Threat to rental market as close to a quarter of landlords say their properties’ EPCs rated D or below

EPC Lady Tablet
  • 23% of landlords surveyed say the EPC ratings of their properties are currently D or below*
  • A further quarter of landlords are unaware of the specific energy efficiency rating of their property
  • Landlords could be unprepared for the proposed 2025 deadline risking properties left unrentable and unsellable
  • Shawbrook launches report considering impacts the changes to legislation could have on landlords, tenants and the wider property market

Supply in the rental market faces a new challenge as close to a quarter of landlords say their properties are currently rated D or below for energy efficiency, according to a new report Confronting the EPC Challenge from Shawbrook Bank.*

Download the report

 

23% of landlords surveyed said that their properties were rated D or below, however, the number could be higher with a further quarter (27%) of landlords admitting they don’t currently know the EPC rating of their properties.

Older homes are more likely to have a lower EPC rating and require improvement. 30% of landlords with Victorian era properties in their portfolio said they were rated D or below.

Under new proposed regulations, landlords may be required to make changes to their properties to improve the energy efficiency by 2025 for all new tenancies. This means bringing their property’s EPC rating up to a C or above. For existing tenancies, landlords have until 2028.

For landlords with older properties, making these improvements could be a costly exercise.

Indeed, currently two in ten landlords don’t have the necessary funds required to begin refurbishments of their properties. This is particularly the case with older landlords - those aged over 55. A quarter of this group said they don’t currently have the funds available to make changes to their properties to bring them in line with the proposed requirements.

Should landlords be unable to make changes to their properties by the deadline they may be unable to rent their properties so could be left with properties that are unmortgageable and therefore unsellable. This could limit supply in the market, at a time when many are reliant on the Private Rental Sector (PRS).

Many landlords are yet to make changes to their properties. The English Housing Survey found that there has not been an increase in energy efficiency among housing stock in the PRS over the last year - despite an increase in housing stock in England overall.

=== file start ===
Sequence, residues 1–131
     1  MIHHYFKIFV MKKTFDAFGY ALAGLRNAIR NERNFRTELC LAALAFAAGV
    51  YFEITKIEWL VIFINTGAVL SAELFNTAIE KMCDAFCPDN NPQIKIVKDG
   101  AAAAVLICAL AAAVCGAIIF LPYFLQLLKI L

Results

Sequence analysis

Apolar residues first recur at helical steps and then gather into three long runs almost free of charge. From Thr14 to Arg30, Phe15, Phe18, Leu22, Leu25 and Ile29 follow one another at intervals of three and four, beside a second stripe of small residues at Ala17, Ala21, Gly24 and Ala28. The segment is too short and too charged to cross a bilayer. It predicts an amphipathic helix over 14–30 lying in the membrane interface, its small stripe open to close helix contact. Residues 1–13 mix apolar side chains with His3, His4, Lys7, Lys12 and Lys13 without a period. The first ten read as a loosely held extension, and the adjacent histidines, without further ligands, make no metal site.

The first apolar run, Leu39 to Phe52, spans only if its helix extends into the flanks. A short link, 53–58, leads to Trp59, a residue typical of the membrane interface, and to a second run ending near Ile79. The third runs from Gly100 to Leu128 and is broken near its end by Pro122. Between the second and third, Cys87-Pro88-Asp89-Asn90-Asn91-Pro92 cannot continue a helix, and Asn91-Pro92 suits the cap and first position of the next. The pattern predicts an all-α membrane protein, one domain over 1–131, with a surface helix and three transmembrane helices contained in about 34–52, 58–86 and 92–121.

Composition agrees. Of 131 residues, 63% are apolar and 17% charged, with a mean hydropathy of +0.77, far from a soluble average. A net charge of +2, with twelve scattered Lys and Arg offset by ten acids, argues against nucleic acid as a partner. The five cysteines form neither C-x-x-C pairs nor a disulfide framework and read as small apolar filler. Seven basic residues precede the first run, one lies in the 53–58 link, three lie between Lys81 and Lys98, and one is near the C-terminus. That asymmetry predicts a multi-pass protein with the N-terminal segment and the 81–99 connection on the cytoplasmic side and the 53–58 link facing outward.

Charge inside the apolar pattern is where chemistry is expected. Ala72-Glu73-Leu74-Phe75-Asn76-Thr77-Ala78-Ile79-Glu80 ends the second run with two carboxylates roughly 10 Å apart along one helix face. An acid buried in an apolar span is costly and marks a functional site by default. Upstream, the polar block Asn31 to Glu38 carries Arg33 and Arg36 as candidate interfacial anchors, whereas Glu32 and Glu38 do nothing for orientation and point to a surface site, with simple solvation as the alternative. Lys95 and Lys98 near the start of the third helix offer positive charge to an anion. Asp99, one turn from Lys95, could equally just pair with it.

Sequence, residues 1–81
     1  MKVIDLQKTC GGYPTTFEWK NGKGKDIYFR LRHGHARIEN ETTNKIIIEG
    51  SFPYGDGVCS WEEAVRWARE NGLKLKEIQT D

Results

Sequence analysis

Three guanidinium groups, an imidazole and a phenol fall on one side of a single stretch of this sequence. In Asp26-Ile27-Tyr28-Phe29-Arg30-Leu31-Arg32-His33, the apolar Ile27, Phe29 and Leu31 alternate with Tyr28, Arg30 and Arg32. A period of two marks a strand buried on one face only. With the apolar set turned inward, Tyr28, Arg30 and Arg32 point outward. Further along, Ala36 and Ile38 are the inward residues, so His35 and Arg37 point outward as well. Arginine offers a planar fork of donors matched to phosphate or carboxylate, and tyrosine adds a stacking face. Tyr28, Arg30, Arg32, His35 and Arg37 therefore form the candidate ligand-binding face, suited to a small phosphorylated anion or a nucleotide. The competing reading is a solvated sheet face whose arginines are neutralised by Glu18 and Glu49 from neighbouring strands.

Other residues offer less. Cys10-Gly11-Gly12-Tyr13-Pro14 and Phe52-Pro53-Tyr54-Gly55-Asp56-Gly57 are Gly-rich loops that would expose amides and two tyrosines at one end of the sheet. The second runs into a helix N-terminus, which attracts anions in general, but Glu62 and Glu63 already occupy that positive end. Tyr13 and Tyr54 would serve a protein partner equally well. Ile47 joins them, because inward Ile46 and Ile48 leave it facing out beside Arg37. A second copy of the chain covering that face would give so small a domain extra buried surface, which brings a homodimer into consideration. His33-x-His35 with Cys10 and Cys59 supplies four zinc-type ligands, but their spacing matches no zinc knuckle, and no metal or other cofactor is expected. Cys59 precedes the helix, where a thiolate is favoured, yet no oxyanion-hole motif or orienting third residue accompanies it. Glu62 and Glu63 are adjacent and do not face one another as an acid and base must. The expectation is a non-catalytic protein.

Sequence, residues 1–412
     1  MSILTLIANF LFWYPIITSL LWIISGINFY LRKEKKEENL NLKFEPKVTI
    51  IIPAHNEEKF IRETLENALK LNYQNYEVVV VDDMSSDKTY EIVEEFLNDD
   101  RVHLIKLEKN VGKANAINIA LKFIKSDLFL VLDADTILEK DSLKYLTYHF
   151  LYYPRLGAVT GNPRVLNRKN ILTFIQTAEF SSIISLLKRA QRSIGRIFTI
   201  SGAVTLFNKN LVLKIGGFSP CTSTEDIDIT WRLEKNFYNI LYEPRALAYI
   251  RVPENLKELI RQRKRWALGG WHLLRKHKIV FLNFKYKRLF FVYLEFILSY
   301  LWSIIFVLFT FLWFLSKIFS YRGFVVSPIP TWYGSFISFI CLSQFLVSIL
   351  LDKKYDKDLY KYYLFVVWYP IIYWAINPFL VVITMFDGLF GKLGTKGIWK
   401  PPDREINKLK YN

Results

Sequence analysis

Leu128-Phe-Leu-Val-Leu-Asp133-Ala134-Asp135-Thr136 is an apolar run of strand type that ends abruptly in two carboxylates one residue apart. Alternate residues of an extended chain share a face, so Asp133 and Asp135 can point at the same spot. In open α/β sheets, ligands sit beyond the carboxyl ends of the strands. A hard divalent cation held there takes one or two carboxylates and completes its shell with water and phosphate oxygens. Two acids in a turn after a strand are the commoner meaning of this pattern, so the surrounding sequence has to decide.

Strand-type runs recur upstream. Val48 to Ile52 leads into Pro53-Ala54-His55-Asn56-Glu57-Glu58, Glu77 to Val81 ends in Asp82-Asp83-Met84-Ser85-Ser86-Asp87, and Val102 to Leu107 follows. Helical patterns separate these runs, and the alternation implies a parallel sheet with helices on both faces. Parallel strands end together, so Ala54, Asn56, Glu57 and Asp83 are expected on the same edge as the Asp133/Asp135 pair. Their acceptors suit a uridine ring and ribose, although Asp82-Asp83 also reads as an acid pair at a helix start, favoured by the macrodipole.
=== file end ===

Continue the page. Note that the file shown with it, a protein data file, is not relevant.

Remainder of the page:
In order to make changes in time for the proposed deadline, landlords have expressed the need for support from the government and industry. Close to half of landlords said they would benefit from guidance on what the EPC legislation means specifically for landlords, while 37% want to see incentives to make changes such as favourable borrowing rates.

A third of landlords surveyed called for guidance on timings on how to phase the implementation of changes, and 29% wanted to see signposting to suppliers who could help them make improvements to their properties. The same proportion also wanted to receive guidance on how to manage tenants during the improvement process.

Landlords were also interested in speaking with other landlords about the issue, with 21% looking for a shared space to discuss problems and share solutions. In response to this, Shawbrook has established a working group of industry professionals, landlords and policy makers together to find possible shared solutions to the challenge.

Emma Cox, Sales Director at Shawbrook Bank, comments:

“Improving the energy efficiency of properties is a vital step in reducing our impact on the environment, however, this will not necessarily be a straightforward process for landlords. The UK has a significant proportion of older properties that are particularly challenging to improve, and many landlords remain in the dark as to their properties’ current ratings.

“Landlords will require further support from both the industry and the government in order to make the changes in good time. Indeed, with the cost of labour and supplies rising, it could be a costly exercise for all landlords, but there are solutions available.

“It is in everyone’s interest that properties are made more energy efficient, however this cannot be done half-heartedly, and we must ensure sufficient resources are provided so that landlords can make the appropriate changes to benefit their properties and their tenants.

We hope that our forthcoming working group provides a space for landlords and the wider industry to share ideas and solutions to confront this challenge, and we look forward to sharing the findings in the coming weeks and months.”

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